Ride Me is dedicated to the lifestyle and culture of living Car Free in Portland, Or. Traveling only by bike and public transit is a great way to get around the Rose City.

Wednesday, May 02, 2007

To be... Car Free

There are more car free sections added to cities every day. I love it when I read something like this.
The Christina Science Monitor recently posted an article about the emergance of car free days in sections of cities from San Fransisco to Bogata, Columbia. "Cities across America are increasingly declaring that parks are for people, not cars, ... and closing roads within parks is one result of that," says Ben Welle with The Trust for Public Land's Center for City Park Excellence, in Washington. Resistance can be fierce at first, he and others say, because of worries about traffic congestion, parking problems, and loss of visitors for businesses and museums. But studies are showing that traffic problems can be minimized, shops and museums get more visitors, and residents begin to cherish their where-the-action-is location.

Across the world, this is a trend that is growing. You may remember my post last winter about the Lyon Protocol. Building sections of the city to be car free, Lyon is leading the world in car free living. In Bogotá, Colombia, which in 1983 embarked on a program called ciclovia (bike path), in which designated streets were closed to cars every Sunday but open for jogging, biking, dancing, playing ball, walking pets, strolling with babies – anything but driving. One-and-a-half million people now turn out each week for ciclovia. Other cities in Latin America followed suit, closing parts of parks or whole urban districts to cars – some intermittently, some permanently. A result: revitalized neighborhoods and an influx of people.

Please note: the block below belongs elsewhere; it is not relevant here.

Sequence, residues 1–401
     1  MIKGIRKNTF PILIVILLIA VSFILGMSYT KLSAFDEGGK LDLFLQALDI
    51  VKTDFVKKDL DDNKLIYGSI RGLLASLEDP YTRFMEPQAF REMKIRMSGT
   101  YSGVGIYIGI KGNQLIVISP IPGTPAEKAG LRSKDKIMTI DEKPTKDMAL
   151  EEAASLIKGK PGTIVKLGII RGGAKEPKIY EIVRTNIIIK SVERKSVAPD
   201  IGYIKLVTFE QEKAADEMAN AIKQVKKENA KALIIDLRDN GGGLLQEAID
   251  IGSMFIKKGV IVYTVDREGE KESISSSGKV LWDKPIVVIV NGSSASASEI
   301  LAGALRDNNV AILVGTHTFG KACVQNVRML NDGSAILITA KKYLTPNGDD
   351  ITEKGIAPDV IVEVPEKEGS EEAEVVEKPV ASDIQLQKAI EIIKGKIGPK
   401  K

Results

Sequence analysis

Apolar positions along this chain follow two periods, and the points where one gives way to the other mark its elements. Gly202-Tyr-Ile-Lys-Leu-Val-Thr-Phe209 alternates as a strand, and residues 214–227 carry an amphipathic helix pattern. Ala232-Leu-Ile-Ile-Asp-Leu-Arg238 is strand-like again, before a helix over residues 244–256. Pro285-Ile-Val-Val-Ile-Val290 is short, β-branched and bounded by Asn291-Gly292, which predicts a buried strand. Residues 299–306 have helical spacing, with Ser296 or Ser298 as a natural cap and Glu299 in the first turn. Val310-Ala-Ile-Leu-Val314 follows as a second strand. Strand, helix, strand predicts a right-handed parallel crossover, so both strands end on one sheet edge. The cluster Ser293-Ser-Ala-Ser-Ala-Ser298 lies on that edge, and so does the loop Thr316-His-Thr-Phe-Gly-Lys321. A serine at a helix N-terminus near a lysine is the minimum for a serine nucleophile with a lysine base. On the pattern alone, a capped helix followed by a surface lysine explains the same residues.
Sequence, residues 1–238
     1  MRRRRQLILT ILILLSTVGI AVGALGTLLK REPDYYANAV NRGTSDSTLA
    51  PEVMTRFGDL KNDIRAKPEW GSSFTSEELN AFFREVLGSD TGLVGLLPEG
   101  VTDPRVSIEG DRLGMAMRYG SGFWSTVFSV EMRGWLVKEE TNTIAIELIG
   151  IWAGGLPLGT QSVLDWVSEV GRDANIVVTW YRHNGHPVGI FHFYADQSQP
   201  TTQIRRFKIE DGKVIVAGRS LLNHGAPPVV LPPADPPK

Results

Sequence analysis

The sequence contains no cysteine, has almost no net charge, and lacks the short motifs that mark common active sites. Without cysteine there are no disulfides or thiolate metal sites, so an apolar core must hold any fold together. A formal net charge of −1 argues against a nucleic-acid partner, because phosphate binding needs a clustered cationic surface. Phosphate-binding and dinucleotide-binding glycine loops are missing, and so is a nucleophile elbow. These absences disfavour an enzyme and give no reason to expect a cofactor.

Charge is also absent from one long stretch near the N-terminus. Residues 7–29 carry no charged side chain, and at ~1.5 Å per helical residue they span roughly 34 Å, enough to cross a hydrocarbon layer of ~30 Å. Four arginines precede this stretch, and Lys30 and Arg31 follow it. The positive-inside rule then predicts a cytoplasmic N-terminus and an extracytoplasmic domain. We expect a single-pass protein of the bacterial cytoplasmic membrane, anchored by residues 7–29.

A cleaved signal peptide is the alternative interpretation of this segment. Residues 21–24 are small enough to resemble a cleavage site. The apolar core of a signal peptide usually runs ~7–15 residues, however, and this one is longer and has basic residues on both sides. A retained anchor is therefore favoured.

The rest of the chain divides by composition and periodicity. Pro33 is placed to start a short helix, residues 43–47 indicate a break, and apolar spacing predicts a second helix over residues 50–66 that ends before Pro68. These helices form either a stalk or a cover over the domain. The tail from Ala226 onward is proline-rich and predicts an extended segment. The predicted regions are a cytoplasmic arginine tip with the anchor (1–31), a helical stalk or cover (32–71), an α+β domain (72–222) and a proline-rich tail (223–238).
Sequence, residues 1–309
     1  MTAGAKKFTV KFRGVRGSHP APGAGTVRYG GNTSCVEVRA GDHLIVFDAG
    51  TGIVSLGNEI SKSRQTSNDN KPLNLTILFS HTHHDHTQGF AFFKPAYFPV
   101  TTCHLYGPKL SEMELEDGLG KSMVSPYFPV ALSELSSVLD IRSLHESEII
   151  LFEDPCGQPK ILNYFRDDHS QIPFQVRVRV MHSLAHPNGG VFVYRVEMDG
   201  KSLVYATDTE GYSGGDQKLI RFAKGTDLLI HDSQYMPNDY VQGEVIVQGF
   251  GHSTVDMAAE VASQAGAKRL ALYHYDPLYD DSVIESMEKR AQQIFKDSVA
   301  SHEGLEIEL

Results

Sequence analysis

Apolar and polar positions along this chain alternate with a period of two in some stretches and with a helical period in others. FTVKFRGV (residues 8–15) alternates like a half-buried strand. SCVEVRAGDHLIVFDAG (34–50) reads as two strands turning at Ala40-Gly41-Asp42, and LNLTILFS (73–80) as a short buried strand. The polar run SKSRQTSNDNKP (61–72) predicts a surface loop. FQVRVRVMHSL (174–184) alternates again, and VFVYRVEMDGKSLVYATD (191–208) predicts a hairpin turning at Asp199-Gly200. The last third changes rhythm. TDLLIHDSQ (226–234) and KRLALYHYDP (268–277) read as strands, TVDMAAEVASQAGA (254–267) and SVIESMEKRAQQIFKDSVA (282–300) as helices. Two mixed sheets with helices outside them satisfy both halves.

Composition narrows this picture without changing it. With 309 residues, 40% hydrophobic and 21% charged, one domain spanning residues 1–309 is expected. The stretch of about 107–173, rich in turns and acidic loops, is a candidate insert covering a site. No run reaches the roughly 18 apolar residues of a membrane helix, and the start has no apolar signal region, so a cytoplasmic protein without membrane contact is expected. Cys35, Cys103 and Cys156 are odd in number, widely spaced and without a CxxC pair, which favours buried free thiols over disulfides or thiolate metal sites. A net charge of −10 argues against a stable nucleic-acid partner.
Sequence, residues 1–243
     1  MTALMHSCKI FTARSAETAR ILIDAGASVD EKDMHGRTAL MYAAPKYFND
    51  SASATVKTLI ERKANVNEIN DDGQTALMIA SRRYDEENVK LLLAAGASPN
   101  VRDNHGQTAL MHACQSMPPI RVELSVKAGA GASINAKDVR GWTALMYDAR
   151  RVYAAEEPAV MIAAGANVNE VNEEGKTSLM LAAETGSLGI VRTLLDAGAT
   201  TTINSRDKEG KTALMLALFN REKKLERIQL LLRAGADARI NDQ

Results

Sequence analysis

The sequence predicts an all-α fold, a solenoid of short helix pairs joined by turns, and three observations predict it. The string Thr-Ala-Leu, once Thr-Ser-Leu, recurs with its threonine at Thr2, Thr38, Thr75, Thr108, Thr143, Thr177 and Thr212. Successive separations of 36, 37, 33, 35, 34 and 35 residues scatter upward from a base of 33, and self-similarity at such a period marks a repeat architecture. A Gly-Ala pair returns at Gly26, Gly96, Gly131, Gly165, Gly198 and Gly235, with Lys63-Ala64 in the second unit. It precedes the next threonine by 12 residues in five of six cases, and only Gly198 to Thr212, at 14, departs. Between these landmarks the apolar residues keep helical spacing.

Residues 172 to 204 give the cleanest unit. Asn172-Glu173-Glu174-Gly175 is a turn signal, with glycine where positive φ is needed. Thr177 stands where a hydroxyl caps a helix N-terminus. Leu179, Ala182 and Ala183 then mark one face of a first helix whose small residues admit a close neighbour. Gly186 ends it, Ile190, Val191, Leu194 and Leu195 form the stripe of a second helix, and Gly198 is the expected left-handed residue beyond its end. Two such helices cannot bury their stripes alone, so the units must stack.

Even El Paso, Texas is getting in on the car free game. The El Paso Times reports that their weekly ciclovia participants proved that residents of the city are willing to support a safe and healthy activity that brings people together as a community, El Paso Mayor John Cook said.

I hope that Portland will begin to follow these leads. There has been a lot of talk lately on bikeportland.org about Portland's effort to become a platinum level cycling city. I think this is just the type of event to propel us into platinum status.


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